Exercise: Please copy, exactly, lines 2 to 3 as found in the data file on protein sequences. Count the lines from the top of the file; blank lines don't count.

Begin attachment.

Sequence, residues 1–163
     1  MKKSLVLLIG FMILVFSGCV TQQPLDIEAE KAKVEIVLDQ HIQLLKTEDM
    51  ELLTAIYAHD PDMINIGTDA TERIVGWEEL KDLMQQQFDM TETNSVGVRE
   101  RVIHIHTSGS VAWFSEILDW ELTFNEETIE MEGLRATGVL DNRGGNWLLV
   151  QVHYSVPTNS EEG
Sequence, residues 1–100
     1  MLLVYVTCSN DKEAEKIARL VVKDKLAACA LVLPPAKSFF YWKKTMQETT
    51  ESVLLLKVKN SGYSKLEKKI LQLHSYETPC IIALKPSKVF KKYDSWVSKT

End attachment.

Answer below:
     1  MKKSLVLLIG FMILVFSGCV TQQPLDIEAE KAKVEIVLDQ HIQLLKTEDM
    51  ELLTAIYAHD PDMINIGTDA TERIVGWEEL KDLMQQQFDM TETNSVGVRE